Okay, so it’s not as exciting as “LIVE from New York, it’s Saturday Night,” but do you know about the Kidney Health Initiative (KHI)? In some respects, like Saturday Night Live with comedians, musicians, politicians, and actors, KHI is a collaboration among disparate groups. This week I attended the Third Annual KHI Stakeholders Meeting in Bethesda, MD, which brings together representatives from the U.S. Food and Drug Administration (FDA), academia, kidney patient groups, nephrology societies, and the nephrology industry. The 70 “members” of KHI are a diverse group from the American Association of Kidney Patients (AAKP) to the Society of Interventional Radiology.
KHI, a partnership between the American Society of Nephrology (ASN) and the FDA, was created to foster renal-disease-related clinical trials. Through improved research efforts, KHI is “dedicated to improving patient safety and promoting the development of the best possible therapies for diseases that affect the kidneys and quality of life for millions of people around the globe”. As articulated in the KHI Inaugural Review 2012-2014, this is the KHI mission:
“…to advance scientific understanding of the kidney health and patient safety implications of new and existing medical products, and to foster development of therapies for diseases that affect the kidney by creating a collaborative environment in which Food and Drug Administration (FDA) and the greater nephrology community can interact to optimize evaluation of drugs, devices, biologics, and food products.”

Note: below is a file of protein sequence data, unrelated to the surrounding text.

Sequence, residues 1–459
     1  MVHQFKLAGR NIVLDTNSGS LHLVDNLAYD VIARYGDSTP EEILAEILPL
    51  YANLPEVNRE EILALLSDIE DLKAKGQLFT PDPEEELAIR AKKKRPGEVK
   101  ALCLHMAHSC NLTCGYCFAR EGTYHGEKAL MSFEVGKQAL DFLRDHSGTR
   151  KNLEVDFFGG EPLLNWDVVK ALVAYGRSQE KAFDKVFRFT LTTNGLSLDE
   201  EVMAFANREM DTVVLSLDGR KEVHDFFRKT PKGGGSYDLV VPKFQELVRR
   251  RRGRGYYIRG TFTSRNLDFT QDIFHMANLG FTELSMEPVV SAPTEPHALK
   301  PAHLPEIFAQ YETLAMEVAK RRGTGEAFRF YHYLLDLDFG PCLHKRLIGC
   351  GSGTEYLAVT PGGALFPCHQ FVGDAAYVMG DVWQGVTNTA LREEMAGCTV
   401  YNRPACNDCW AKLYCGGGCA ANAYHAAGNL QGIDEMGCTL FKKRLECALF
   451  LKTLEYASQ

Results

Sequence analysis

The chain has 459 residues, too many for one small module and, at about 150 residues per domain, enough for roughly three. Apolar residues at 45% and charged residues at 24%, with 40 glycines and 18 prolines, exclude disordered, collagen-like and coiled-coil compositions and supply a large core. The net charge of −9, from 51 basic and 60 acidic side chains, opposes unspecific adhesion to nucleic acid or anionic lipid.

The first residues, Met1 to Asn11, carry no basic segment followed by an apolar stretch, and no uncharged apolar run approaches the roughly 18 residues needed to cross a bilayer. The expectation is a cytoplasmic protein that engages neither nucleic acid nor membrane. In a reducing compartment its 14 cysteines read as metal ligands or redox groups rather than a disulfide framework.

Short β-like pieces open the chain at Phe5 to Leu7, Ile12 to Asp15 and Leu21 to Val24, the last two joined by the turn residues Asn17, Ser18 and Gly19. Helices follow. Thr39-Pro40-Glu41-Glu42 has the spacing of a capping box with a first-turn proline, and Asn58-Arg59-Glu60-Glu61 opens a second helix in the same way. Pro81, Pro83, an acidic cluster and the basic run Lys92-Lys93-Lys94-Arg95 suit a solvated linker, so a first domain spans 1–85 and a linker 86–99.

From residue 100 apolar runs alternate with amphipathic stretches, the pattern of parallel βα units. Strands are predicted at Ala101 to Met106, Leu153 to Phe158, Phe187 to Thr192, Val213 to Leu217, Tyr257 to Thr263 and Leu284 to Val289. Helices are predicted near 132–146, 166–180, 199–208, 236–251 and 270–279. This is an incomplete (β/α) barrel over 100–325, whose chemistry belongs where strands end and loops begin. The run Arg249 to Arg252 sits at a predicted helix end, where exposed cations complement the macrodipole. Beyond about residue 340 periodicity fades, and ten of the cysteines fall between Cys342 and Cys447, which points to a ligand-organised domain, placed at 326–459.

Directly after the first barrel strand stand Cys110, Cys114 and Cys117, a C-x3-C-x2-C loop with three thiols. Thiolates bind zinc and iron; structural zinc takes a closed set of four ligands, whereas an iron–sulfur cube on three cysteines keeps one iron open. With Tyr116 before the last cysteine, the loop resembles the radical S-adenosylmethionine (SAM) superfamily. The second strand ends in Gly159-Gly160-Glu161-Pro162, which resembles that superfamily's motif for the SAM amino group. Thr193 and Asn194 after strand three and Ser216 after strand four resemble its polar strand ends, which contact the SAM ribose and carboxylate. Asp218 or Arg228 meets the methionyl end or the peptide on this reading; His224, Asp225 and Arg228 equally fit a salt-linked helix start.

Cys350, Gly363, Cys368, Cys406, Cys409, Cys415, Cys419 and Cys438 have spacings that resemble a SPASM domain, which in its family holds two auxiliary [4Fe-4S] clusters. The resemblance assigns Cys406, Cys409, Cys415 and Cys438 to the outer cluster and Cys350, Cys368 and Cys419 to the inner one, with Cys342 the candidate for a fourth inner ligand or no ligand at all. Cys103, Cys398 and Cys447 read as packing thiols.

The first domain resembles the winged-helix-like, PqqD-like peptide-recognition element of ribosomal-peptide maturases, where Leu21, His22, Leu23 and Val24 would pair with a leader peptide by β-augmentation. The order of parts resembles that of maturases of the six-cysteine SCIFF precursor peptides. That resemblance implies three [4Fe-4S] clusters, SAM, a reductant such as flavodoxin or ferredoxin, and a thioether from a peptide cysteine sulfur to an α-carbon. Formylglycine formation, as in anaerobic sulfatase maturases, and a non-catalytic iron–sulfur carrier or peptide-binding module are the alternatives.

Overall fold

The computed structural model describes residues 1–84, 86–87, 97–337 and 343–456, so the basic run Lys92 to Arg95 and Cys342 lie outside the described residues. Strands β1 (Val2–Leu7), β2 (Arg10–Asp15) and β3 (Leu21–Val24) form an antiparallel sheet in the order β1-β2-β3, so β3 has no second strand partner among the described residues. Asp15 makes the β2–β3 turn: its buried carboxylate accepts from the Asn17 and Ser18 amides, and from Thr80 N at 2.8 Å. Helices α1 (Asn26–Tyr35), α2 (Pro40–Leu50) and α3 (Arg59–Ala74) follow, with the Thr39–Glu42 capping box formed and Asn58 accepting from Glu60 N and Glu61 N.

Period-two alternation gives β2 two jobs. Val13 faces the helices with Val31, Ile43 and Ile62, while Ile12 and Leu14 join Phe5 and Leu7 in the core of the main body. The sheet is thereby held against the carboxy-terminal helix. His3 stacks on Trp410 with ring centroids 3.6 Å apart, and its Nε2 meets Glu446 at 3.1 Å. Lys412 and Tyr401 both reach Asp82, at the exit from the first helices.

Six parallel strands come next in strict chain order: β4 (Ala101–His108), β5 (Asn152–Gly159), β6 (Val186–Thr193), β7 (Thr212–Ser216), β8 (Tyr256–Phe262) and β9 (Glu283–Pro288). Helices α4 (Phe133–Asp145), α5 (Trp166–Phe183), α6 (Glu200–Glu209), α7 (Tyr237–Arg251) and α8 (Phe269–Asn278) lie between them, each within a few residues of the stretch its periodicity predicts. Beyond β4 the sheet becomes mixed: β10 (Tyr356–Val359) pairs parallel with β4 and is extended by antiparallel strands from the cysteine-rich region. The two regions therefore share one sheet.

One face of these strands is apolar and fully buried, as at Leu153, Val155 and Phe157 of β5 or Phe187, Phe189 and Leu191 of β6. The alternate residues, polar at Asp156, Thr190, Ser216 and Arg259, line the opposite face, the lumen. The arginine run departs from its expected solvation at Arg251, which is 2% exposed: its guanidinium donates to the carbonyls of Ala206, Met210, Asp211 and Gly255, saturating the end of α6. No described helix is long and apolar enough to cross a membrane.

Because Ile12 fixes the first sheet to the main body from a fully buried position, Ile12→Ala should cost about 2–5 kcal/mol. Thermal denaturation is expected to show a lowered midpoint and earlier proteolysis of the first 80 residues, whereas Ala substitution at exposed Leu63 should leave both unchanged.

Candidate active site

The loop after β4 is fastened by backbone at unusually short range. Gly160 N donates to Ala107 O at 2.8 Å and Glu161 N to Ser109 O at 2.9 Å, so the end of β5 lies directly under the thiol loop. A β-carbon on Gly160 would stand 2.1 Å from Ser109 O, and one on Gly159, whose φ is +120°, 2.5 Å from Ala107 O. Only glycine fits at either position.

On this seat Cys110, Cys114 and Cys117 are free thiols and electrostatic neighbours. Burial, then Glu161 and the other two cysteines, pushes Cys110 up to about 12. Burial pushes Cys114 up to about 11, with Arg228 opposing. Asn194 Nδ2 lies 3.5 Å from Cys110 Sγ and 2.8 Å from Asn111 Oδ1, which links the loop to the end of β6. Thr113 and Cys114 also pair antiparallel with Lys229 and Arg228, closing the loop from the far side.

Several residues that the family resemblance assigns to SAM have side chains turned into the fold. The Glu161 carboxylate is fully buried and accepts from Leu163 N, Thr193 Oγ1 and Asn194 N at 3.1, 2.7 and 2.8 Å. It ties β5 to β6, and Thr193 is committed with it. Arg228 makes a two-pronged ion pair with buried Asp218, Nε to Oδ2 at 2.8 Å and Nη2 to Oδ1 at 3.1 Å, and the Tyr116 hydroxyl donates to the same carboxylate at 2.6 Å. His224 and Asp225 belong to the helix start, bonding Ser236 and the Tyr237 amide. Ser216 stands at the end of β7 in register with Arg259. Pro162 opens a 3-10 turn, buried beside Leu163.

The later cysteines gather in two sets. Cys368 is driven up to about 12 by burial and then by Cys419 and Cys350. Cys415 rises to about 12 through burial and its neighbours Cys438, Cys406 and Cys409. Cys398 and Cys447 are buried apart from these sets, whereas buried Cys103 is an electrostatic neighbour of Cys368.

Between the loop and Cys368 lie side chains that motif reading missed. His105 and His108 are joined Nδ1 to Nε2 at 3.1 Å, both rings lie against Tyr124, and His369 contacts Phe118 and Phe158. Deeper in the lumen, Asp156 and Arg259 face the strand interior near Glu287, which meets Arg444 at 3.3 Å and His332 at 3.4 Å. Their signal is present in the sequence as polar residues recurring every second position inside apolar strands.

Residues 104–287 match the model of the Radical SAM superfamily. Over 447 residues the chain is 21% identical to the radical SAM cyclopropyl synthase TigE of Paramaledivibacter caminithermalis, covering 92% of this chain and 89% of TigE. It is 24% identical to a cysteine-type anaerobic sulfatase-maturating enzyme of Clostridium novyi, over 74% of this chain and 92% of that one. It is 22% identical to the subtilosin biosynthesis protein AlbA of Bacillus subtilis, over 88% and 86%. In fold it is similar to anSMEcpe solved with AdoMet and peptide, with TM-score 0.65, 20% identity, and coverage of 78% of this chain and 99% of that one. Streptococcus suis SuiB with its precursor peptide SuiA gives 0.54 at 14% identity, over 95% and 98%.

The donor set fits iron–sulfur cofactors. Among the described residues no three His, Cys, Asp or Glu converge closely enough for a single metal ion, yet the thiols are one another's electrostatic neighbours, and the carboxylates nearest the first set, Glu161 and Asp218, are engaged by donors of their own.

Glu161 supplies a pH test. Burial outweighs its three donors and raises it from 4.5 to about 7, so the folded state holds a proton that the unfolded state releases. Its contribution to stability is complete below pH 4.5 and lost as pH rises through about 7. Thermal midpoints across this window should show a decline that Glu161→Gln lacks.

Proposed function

What is the landscape of nephrology clinical trials?
The 3 keynote speakers at last week’s Third Annual KHI Stakeholders Meeting opened the conference with an overview of the state of clinical trials in nephrology. Here are some highlights:
- Chronic diseases like CKD are hard to study since the serious events we are trying to prevent occur late in the long course of the disease
- Very long study times make it difficult and expensive to recruit patients and monitor them for years
- The FDA accepts some surrogate markers as substitutes for clinically meaningful endpoints. For example a doubling in serum creatinine, which does not make a patient feel bad, is a surrogate for reaching ESRD as a hard outcome
- The FDA does not accept modest changes in proteinuria as a surrogate outcome…yet
- Only 2.6% of current clinical trials are classified as nephrology trials and most of these are phase 1 or 2
- About 1/3 of current nephrology clinical trials are pre-ESRD, 1/3 are dialysis related, and the remaining trials are mostly divided among AKI, glomerular disease, and renal transplantation
- It is important to study patients early in the course of renal disease to prevent bad outcomes like ESRD, but many patients don’t know they have CKD early in the disease
Why are renal-related clinical trials few and far between?
CKD studies last a long time and are expensive. It is difficult to keep patients enrolled and actively participating when a study is active for years. In addition, patients who can or will participate over the long term may be a biased group, which makes the clinical trial outcomes hard to apply to the general renal patient population.